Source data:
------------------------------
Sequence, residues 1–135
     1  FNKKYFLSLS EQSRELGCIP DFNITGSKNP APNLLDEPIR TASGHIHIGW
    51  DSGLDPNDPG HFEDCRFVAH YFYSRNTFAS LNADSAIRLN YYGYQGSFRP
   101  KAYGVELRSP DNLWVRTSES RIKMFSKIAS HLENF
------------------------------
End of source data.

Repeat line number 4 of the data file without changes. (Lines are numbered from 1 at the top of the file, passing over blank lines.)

   101  KAYGVELRSP DNLWVRTSES RIKMFSKIAS HLENF